Philippines reopens Lafayette copper, zinc mine
The Philippines said on Thursday Australia’s Lafayette Mining Ltd. could restart its copper and zinc mine south of Manila immediately, more than a year after it was shut due to cyanide spills.
“The mining operations can now proceed,” Environment and Natural Resources Secretary Angelo Reyes told a news conference.
Lafayette’s stock jumped 13 percent to A$0.13 on the Australian Stock Exchange following the announcement.
The reopening followed a visit by the Philippine government’s mining and pollution experts to Lafayette’s Rapu Rapu mine on Tuesday.
The Rapu Rapu polymetallic project was the first foreign-owned mine to open in the Philippines after the Supreme Court, in December 2004, upheld a law allowing full foreign ownership of local mining projects from 40 percent previously.
But the spills in Rapu Rapu, 350 km (222 miles) southeast of Manila, in October 2005 raised the ire of powerful Philippine Catholic bishops and environment groups, triggering a probe by a government anxious not to displease the Church.
The mine started gold production in July 2005.
Before the suspension, the mine was forecast to generate revenues of $350 million a year from annual production of 10,000 tonnes of copper in concentrate, 14,000 tonnes of zinc in concentrate, 50,000 ounces of gold and 600,000 ounces of silver.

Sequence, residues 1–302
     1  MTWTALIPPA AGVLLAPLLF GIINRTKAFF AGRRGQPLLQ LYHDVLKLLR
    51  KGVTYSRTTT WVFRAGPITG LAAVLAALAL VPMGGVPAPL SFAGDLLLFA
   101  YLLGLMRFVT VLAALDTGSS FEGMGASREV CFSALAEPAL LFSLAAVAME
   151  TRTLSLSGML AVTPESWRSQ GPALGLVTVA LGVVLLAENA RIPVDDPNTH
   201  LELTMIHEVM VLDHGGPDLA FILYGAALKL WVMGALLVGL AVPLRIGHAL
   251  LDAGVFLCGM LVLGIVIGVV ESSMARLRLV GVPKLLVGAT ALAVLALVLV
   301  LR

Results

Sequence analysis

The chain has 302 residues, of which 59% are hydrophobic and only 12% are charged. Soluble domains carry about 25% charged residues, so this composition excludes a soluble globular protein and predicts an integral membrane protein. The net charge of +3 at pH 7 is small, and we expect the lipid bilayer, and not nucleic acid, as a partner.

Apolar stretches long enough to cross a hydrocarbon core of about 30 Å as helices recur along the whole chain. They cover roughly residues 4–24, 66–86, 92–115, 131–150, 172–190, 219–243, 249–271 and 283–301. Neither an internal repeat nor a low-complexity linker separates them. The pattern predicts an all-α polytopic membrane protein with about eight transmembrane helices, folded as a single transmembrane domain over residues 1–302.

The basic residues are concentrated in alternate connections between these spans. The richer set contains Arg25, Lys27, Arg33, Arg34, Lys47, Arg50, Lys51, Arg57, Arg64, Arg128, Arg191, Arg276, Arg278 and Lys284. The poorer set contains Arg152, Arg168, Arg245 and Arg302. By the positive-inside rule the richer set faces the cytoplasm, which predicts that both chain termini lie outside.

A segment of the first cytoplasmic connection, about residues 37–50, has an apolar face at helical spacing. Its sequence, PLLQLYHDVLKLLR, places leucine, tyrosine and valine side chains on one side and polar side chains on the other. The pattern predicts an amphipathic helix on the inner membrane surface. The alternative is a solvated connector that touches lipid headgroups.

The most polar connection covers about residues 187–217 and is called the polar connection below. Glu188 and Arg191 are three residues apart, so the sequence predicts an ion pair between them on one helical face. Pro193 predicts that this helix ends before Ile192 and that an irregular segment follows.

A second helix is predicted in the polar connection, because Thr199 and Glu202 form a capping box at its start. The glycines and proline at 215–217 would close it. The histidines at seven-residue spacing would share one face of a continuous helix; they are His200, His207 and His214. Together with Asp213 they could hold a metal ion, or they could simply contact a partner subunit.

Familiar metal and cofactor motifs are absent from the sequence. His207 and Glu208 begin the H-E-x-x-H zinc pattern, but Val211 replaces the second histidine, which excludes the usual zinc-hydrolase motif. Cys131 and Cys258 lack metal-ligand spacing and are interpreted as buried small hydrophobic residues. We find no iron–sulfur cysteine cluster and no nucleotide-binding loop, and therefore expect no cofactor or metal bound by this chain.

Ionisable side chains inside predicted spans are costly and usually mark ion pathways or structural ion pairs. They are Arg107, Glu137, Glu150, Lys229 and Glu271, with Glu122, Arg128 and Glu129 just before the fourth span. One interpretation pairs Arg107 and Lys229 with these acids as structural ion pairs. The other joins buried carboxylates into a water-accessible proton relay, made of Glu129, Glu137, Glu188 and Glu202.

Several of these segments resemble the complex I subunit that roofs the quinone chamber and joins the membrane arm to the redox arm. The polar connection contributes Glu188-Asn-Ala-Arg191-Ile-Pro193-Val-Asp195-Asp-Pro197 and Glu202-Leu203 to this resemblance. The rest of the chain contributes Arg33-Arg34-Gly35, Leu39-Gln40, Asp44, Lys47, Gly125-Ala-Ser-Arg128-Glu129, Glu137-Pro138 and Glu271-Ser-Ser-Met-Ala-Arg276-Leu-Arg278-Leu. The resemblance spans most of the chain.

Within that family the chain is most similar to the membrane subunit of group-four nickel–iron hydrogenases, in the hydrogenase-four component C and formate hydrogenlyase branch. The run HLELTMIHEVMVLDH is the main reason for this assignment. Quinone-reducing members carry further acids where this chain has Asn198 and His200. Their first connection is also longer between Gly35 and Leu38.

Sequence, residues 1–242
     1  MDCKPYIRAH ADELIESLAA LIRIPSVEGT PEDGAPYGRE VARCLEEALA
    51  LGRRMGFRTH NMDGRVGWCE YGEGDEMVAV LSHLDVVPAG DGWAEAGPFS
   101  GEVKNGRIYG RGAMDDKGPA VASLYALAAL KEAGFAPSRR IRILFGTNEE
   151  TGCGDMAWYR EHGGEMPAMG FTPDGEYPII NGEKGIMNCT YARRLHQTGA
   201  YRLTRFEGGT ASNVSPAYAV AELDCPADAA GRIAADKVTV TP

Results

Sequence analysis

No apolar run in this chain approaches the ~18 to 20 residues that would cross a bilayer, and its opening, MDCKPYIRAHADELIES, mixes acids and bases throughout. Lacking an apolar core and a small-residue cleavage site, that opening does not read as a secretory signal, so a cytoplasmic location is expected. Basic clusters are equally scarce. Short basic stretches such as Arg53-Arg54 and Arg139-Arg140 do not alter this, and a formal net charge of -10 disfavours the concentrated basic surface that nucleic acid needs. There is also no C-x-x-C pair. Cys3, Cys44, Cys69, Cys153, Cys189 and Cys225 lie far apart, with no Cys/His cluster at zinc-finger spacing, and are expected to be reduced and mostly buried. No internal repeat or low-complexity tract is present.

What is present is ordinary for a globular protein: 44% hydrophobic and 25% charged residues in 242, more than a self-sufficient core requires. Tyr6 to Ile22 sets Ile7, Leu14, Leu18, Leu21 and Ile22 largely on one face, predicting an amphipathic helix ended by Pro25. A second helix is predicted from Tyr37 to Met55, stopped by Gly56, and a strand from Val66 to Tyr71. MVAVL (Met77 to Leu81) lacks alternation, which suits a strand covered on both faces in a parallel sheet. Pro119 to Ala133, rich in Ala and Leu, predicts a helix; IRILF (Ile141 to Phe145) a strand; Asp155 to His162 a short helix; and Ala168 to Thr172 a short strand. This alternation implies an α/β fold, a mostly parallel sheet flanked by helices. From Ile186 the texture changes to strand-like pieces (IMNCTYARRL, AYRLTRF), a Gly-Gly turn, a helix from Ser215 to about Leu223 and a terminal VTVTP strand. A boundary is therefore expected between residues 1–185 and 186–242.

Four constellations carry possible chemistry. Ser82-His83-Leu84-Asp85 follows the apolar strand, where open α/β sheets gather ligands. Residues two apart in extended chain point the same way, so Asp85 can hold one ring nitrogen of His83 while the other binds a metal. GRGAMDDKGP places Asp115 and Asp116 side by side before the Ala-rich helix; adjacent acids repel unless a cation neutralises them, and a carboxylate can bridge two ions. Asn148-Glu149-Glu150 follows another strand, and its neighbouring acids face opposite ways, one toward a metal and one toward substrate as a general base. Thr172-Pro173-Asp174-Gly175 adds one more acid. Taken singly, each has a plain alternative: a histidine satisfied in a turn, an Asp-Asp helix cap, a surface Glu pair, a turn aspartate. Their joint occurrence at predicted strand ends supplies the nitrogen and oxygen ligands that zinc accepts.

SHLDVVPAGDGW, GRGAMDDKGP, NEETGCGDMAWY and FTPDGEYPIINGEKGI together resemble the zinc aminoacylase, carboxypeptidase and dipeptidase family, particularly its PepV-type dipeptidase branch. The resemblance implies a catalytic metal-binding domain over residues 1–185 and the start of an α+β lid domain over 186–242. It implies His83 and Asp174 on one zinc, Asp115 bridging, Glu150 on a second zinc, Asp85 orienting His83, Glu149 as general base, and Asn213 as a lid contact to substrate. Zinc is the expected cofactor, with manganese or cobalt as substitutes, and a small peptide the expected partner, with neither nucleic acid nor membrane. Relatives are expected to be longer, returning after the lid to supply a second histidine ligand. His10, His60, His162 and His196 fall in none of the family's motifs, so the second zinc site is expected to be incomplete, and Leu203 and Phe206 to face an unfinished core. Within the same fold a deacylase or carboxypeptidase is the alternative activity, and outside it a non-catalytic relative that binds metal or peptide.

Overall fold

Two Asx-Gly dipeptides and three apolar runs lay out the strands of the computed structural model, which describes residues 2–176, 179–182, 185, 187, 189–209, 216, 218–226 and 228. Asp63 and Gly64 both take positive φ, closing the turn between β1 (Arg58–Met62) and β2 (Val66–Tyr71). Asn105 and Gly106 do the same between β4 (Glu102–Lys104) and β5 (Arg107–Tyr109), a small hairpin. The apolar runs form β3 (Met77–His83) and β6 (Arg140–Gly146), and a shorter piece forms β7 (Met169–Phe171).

Lafayette says the mine has a life of eight years.
Reyes said Lafayette had complied with 36 conditions set by the government to prevent spills at its Rapu Rapu mine before it was allowed to reopen.
He said the mine and its base metals plant had undergone a rigid test-run supervised by government and private sector experts for 120 days last year.
“This particular case of Rapu Rapu had gone through the proverbial eye of the needle,” Reyes said.
Reyes said the Pollution Adjudication Board had imposed an additional 6 million pesos (about $124,000) pollution fine on Lafayette.
The firm previously paid 10.7 million pesos for violating the Clean Water Act and its environmental compliance licence.
Horacio Ramos, head of the Mines and Geosciences Bureau, said Lafayette had spent $90 million on Rapu Rapu, against a budgeted $45 million, because of the spills.
The spills in Lafayette occurred just as the government was rolling out the red carpet to lure foreign investors and help revive its once lucrative mining industry.
“We have met all the conditions imposed by the government designed, among other things, for optimal environmental protection,” Carlos Dominguez, Lafayette Philippines chairman and president, said in a statement.
“The whole mining industry here and abroad has been watching and monitoring our progress and will definitely show heightened interest in the Philippines as an investment area,” he said.
The Philippine government estimates the country has $1 trillion worth of unexplored copper, gold, nickel and zinc.
LG International Corp and state-run Korea Resources Corp. (KORES) together hold a 26 percent stake in the Rapu Rapu mine while Australia’s Lafayette owns the rest.